I believe CSP (solar thermal) will also reach grid parity, though not as soon as PV solar. It hasn't had as many years of commercial development, and progress toward economy of scale. The dispatchable base load power from CSP with heat storage will make it easier to balance out the intermittancy of PV solar and wind power, not to mention day and night power generation.

    In your article, you give average power prices in various regions. Peak demand prices are quite a bit higher. Solar performs best during the daytime when demand is high.

    For another slant on solar costs, see here

  • Report this Comment On June 27, 2011, at 7:01 PM, Eysteinh wrote:

    Thanks for a good read.

  • Report this Comment On June 28, 2011, at 10:12 AM, Brettze wrote:

    Travis, you are missing the point... there is already cheaper ways of capturing the solar energy with solar thermal technologies . You can even make some yourselves.. Any manufacturer can make them so cheaply that can heat your indoors directly without any need to convert into electricity and counting watts.. All you need to do is to reflect sunlight through windows or toward heat exchangers which in turn circulate air to be heated for indoors comfort... The biggest portion of all utility bills goes to heating not lamps or TV... Heating is the biggest cost.. So it is commonsense to just capturing the sunlght directly and concentrate it enough to heat air we need to feel warm.. This is the key to solar energy ... Wind power is preferrable for electricity generation which is fine . But for solar energy, you should measure it in BTUs not watts.. BTUs is what you measure on natural gas , heating oil, and electricity if you use electric heating systems as well. Roughly 1000 watt can be equal to 5000 BTUs. Air condiotiners are measured in BTUs as well. This is the right term to use for measuring solar energy not kilowatts because photovoltaics is not really THAT efficient in converting sunlight into electricity.. Photovoltaics are still costly even at $1 a watt.. or even 50 cents.. Reflecting sunlgiht can be just pennies to the watt .. or less. Photovolatics is just ntohing but just red herrings intended to protect exisiting obsolete jobs.. from being lostdue to compettition from even cheaper solar energy yet to come. Delaying tactics... We are already hurting for jobs yet we pay too much for energy needllessly... Everyone is competiting for jobs that is not quite efficient in hindsight.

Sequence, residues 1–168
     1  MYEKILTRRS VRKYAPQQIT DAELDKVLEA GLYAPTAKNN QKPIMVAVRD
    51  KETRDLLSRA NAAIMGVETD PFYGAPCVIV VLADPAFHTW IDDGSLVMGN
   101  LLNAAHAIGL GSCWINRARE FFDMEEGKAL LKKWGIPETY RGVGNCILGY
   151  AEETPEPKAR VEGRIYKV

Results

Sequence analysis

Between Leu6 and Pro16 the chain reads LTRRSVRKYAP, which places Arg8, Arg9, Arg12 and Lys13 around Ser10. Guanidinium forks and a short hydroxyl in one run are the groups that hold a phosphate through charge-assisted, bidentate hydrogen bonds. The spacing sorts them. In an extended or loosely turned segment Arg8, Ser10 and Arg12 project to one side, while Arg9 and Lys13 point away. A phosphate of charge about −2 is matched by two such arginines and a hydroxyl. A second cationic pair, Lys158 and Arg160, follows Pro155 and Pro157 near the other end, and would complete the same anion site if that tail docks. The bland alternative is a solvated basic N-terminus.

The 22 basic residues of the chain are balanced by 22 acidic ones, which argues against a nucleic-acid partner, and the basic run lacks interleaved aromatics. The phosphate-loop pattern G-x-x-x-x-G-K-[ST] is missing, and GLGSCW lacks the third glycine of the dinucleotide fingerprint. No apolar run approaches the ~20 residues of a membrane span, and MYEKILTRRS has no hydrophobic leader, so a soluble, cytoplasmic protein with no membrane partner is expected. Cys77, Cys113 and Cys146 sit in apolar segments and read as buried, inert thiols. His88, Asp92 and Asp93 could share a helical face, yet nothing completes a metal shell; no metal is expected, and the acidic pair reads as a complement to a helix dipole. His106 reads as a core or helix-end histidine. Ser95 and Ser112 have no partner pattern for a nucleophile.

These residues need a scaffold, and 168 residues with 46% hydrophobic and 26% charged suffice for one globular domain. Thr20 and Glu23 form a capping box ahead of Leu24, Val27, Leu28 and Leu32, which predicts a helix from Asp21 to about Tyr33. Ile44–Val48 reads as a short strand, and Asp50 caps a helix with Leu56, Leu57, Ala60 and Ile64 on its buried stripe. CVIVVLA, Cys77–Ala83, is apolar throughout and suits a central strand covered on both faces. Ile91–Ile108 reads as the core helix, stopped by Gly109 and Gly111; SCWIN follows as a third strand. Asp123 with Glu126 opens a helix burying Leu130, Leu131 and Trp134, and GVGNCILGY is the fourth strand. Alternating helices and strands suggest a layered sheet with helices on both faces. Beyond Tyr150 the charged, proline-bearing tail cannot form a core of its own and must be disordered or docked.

• Report this Comment On June 28, 2011, at 10:18 AM, Brettze wrote:

    Photovoltaics is still important as remote power sources that can charge batteries for certain instruments like you see by the highways so often or even guiding mirrors to reflect sunlight through windows with computerized tracking devices powered by photovoltaics as well. Photovoltaics is more of kinetic energy low energy that doesnt require stringing a powerline out in the open space.. even you can use photovltaics in your backyard that you dont want to dig a trench for installing powerline.. This is what photovoltaics is really for.. Until we achieve better than 50-75% efficinecy in converting sunlight into electricity with photovoltaics.., PVs shoudl be lijmited to such applications not utility scale installations or rooftop installations which is too ridiculous but we thought that they are great for jobs .. Think again, we are spending too much money to create so few jobs.. We can spend that money elsewhere and generate more jobs than with photovoltaics.. We can create far more jobs with solar themral technolgoies than photovoltaics and we will generate far more energy with solar themral than with photovltaics... If we stick with photovoltaics, we are more likely to face more oil price shocks because we will still be unable to displace as m uch demand off oil as with solar themral.. What is the matter with you all?? You cant manage , can you?


  • Report this Comment On June 28, 2011, at 10:42 AM, Brettze wrote:

    Some designes of solar thermal are flawed like those solar tower with mirrors all around the towers... Because mirrors are too far from the towers that some sunlight do not hit the mark or target due to microscopically uneven surfaces inherently found on mirrors unless you grind mirrors to telescope perfection which is too cost prohibitive... Mirrors can be used at closer ranges than those tower designes which I call Ivory towers.. There is even mirrors the size of your everyday cereal bowls arranged all over the board with special high temp photovoltaics that can take in 500 X sun concentration and its efficency is boosted to 45% . Solar reflections must be in close ranges

  • Report this Comment On July 01, 2011, at 2:22 AM, AnotherOpinion wrote:

    "and does not include subsidies."

    - So Travis Holum wrote an entire article on the subject and excluded the most important part, thus making the whole read utterly pointless and offering no actionable information.

    Without subsidies from the government (ie taxpayer $ being wasted) solar hasn't a snowballs chance in heck of competing. It is and will always be a niche product, perfect for freeway call boxes, heating pools and running my mac from Yosemite.

    Nuclear is truly the only answer. Fossil fuels will last many more generations, despite the silly people claiming 'peak' whatever the scare of the week is. Hopefully our children and grandchildren will be more rational when it comes to energy planning for our future.

    Two trends will make future energy needs far greater than they are today. First is the general trend of each person using more and more power each year, decade and generation as devices proliferate around us exponentially. Second is population growth and the third world catching up to the industrialized nations in energy usage. We need ALL forms of energy. Solar and wind are the absolute worst. Hydro or geo might make sense as they are "always on" and can meet the instantaneous energy needs of the very large power users like manufacturers. Solar and wind simply will never be able to do that. Even if we blanketed every square inch of our nation with solar and turbines it would not be enough.